Clegg, whose Liberal Democrat party governs in coalition with Cameron’s Conservatives, said the prospect of a referendum on Britain’s membership of the 27-country bloc could alarm investors and have a “chilling effect” on jobs and growth.
Cameron said yesterday he’ll set out how he plans to renegotiate Britain’s EU membership in a speech in the Netherlands on Jan. 18 and signaled he supports putting the outcome to a popular vote after the 2015 general election, with the government arguing to stay in.
“We should be very careful at a time when the British economy is still haltingly recovering from the worst economic shock in a generation to create a very high degree and prolonged period of uncertainty,” Clegg told BBC Radio 4 today. “Uncertainty is the enemy of growth and jobs.”
Clegg also questioned whether the prime minister’s plan to claw back as yet unspecified powers from the EU is achievable, since it would require the agreement of other EU nations. “I don’t agree with the premise that we can, on our own if you like, unilaterally simply rewrite the terms of our membership for this European club,” he said.
Cameron spoke with Swedish Prime Minister Fredrik Reinfeldt about the Europe speech last night and he plans to talk to Conservative ministers tomorrow, his spokesman, Jean-Christophe Gray, told reporters in London today. The call with Reinfeldt was “constructive and went well,” Gray said.
While it has been criticized by Clegg, other European politicians and the U.S. for raising questions about Britain’s future within the EU, Cameron’s proposal doesn’t go far enough for many in his party who want a referendum sooner than 2015 on a straight question of whether Britain should leave the EU. Cameron dismissed that as a “false choice” yesterday.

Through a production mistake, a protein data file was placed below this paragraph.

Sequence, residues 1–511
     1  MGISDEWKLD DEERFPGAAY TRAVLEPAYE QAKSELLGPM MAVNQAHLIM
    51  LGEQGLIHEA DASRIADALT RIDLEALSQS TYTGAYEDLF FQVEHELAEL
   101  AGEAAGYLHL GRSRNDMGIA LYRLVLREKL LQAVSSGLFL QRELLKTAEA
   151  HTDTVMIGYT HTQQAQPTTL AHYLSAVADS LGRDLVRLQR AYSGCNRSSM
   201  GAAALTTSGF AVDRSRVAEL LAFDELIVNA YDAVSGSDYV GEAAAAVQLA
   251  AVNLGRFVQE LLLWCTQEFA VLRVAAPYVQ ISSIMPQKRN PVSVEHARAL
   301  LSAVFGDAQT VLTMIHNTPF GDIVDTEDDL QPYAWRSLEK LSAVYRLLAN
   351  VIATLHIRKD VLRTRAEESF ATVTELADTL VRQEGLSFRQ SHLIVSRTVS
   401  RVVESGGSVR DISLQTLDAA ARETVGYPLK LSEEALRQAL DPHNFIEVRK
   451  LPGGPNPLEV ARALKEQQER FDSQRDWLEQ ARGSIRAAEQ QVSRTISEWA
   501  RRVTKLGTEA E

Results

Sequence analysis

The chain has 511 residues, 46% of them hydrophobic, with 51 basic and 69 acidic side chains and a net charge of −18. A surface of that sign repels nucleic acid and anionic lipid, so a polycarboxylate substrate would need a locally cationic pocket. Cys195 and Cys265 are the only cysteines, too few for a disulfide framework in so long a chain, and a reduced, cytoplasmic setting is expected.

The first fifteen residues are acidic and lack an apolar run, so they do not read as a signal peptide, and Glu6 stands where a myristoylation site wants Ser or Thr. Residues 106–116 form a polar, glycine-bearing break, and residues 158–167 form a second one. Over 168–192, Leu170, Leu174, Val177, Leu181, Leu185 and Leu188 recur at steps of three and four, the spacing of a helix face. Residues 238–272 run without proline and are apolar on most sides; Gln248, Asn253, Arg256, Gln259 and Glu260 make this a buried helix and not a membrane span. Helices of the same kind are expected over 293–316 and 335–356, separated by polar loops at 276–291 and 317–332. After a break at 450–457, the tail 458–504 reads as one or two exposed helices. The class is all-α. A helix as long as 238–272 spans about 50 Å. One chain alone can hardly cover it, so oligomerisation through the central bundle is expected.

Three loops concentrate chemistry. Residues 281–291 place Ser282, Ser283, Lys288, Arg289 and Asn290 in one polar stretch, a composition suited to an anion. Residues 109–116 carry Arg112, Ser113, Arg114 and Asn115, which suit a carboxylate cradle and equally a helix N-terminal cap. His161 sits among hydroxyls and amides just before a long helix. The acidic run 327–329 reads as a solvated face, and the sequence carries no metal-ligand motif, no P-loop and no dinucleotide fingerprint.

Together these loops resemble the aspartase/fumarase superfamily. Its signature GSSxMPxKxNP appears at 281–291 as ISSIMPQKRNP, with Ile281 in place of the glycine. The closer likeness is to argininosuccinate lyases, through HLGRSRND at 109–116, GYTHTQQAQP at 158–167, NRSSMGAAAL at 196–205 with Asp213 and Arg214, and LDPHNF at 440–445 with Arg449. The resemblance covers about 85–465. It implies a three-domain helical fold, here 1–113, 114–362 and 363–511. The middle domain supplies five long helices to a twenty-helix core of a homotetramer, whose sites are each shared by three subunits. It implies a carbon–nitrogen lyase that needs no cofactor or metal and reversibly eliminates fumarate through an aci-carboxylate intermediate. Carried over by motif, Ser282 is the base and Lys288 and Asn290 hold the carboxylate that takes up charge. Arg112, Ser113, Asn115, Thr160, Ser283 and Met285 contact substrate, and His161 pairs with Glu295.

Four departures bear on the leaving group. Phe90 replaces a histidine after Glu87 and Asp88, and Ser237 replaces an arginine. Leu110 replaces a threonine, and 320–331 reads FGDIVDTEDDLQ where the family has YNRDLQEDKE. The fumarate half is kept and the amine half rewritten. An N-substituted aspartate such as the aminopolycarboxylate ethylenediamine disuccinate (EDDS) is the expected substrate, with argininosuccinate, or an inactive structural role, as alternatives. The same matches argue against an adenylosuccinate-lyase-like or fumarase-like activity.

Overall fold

The premier chose the Netherlands because it is a “founding member of the EU” that is not “dissimilar” to the U.K., with “a strong global-trading, outward-looking history,” Gray said. The Sun newspaper reported last week that the speech will be made in The Hague.
“The beating heart of Britain is, we know we need to be in Europe, because we are a trading nation,” Cameron told ITV yesterday. “But we’re not happy with every aspect at the moment -- there’s too much interference. People want that to be fixed, they want more of a say. We shouldn’t be frightened to involve the British people in that.”
Clegg, whose party is the most pro-EU of the three main political parties, said a referendum should be held if the EU rewrites its rulebook to accommodate closer integration among the 17 countries that use the euro.
“If there is a new treaty and that involves significant transfer of power then, of course, people should have a say,” Clegg said. “We do not know yet whether that will manifest itself in a new treaty. We do not know if that new treaty will ask new things of the United Kingdom.”
There is a tradition of British prime ministers going to the continent to make speeches on Europe. Tony Blair went to Warsaw in 2000 to make the case for an expanded EU. Winston Churchill called for a United States of Europe in Zurich in 1946 to rebuild the continent in the aftermath of World War II.